–NCI’s ‘Raijin’ at The Australian National University has 84,656 cores –More than enough for our purposes –During class don’t run batch mode with n > 2

–~15 people all wanting 16 cores at the same time will lead to lengthy waits in

the queue –Outside class n = 4 – 8 should be fine, just check the load at the time (qstat –q)

Using multiple CPU cores on Jack

  • When running large simulations you should not run on the login node

–You should run them in “batch” mode even if you only want a single processor –E.g. exb dosrznrc dosrznrc_template 521icru batch=pbs batch p=1

Execute in batch mode

Usercode Input file PEGS4 data file

Queuing system

Queue name

Number of CPUs to use

Assignment 2: Considerations for input

  • Media (defining materials to be used)

  • Geometry definition (physical dimensions)

  • Assignment of media to regions

  • Scoring system (what results do we want?)

  • Source definition – geometry and energy

  • Cutoff energies

Assignment 2: Geometry definition
  • Go to your egsnrc/dosrznrc directory

  • Copy the template file


to a new file with an appropriate and descriptive name

  • In the new file change the first line TITLE to, again, something appropriate and descriptive

– Use a meaningful description – this text appears in output files, so its well worth

while changing it for each project and variation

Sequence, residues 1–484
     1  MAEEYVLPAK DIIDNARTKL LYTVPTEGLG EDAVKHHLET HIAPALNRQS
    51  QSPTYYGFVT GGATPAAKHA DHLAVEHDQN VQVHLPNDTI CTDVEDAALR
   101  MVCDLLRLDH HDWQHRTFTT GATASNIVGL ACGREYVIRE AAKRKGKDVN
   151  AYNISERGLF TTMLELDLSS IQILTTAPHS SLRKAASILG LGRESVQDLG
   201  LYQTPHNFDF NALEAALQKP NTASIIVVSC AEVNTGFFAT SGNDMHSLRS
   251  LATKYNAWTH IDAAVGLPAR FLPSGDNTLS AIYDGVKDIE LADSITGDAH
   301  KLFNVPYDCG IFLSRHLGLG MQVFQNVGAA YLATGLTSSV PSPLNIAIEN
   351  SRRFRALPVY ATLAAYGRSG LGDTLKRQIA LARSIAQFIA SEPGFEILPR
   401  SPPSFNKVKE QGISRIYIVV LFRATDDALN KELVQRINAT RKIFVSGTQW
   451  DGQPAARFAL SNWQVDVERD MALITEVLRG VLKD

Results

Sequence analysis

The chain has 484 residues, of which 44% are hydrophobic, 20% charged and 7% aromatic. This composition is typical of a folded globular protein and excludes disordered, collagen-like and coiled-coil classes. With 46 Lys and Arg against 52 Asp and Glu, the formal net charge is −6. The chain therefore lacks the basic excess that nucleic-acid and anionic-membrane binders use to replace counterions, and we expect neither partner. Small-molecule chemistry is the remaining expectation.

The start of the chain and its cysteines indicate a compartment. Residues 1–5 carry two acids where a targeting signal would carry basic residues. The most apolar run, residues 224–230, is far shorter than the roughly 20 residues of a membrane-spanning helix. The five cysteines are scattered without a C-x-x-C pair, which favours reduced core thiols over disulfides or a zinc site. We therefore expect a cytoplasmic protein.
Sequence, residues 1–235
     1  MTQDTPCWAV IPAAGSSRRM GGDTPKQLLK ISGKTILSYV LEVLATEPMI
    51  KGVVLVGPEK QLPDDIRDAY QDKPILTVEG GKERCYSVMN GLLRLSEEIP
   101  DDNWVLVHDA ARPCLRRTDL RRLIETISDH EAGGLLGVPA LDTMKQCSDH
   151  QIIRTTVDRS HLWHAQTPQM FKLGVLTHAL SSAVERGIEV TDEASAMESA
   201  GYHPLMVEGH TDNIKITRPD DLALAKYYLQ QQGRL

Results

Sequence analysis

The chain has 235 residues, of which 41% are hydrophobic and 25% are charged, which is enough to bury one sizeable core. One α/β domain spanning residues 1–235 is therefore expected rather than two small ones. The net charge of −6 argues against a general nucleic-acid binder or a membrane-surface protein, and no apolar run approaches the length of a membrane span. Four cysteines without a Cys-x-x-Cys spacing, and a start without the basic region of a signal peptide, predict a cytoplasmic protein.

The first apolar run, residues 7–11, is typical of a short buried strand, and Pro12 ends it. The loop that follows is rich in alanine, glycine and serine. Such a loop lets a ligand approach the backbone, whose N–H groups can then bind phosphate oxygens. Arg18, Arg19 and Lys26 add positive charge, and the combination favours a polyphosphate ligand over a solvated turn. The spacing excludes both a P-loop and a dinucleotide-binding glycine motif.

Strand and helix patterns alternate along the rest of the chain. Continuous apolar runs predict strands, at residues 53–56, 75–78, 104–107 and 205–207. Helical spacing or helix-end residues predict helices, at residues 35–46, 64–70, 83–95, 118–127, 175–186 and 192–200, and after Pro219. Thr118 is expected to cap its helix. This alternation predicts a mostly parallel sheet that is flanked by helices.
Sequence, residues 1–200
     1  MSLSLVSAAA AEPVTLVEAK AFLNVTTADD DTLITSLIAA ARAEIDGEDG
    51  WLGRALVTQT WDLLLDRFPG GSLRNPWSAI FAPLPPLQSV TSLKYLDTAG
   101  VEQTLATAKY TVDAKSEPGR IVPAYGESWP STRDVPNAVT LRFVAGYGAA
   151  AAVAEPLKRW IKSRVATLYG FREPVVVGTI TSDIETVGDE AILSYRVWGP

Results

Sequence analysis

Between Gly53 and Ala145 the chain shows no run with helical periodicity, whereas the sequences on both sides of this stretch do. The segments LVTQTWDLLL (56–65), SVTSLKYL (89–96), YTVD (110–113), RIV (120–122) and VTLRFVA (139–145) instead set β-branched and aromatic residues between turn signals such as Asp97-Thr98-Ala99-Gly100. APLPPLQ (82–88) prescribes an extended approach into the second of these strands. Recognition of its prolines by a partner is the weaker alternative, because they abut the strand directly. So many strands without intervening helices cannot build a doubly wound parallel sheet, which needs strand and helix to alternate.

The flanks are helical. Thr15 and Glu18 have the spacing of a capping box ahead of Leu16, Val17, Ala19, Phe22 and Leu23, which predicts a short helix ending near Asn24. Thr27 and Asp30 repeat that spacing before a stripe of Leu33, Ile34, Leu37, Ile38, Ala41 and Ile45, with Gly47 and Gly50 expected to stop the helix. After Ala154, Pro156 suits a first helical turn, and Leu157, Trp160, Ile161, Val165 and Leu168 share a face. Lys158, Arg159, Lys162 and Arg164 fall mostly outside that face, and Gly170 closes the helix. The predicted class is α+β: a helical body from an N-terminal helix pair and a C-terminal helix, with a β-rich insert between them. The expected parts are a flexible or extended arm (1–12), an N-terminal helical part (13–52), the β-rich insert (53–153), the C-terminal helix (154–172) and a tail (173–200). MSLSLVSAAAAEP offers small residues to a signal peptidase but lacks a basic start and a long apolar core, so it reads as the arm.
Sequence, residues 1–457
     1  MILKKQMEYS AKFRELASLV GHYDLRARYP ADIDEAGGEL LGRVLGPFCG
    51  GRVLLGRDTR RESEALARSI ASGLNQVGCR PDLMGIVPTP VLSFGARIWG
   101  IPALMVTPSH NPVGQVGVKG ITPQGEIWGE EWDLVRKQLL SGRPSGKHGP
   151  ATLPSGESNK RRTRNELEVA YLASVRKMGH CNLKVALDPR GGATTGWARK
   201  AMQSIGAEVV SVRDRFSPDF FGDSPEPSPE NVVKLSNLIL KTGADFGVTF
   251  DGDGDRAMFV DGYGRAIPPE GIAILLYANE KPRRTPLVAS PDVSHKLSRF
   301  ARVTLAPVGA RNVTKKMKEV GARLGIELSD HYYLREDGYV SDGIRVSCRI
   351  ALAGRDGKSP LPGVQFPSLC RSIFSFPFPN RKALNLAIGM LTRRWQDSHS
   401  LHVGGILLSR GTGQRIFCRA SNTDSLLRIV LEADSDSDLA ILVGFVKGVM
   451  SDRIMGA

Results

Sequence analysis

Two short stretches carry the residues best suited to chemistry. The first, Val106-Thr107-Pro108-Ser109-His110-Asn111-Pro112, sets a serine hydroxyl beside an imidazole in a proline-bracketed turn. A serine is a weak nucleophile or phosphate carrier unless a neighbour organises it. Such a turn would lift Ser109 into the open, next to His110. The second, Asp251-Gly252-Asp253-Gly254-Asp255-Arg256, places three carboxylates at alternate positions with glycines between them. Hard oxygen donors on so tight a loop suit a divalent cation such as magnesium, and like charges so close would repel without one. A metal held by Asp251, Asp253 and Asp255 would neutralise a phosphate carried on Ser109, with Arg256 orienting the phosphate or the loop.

• We are going to model a LiF TLD chip of dimensions:

–Diameter: 4 mm, Thickness: 2 mm

  • The TLD will be submerged in water at a depth of 5 cm.

  • Model the water phantom such that there is 5 cm of water both in front and behind the TLD, with a total diameter of 10 cm.

  • See the diagram on the following slide.

Assignment 2: Geometry


R=0.2 IRL=1

R=0 R=0.2


Z=0 Z=5 Z=5.2 10.2

IRL=5, Water

IRL=6, Water

IRL=7, Water

IRL=2, Water IRL=3, LiF IRL=4, Water

IRL=5, Water

Assignment 2: Equivalent geometry for comparison with water

  • Ultimately, we want to be able to compare the dose scored in the LiF TLD and compare it to the dose to water for equivalent geometrical arrangements.

  • This allows us to evaluate its ‘water-equivalence’. Water equivalence plays a strong role in dosimetry, because of the advantages of having media-matched dosimeters (refer to any radiation dosimetry textbook for a detailed explanation).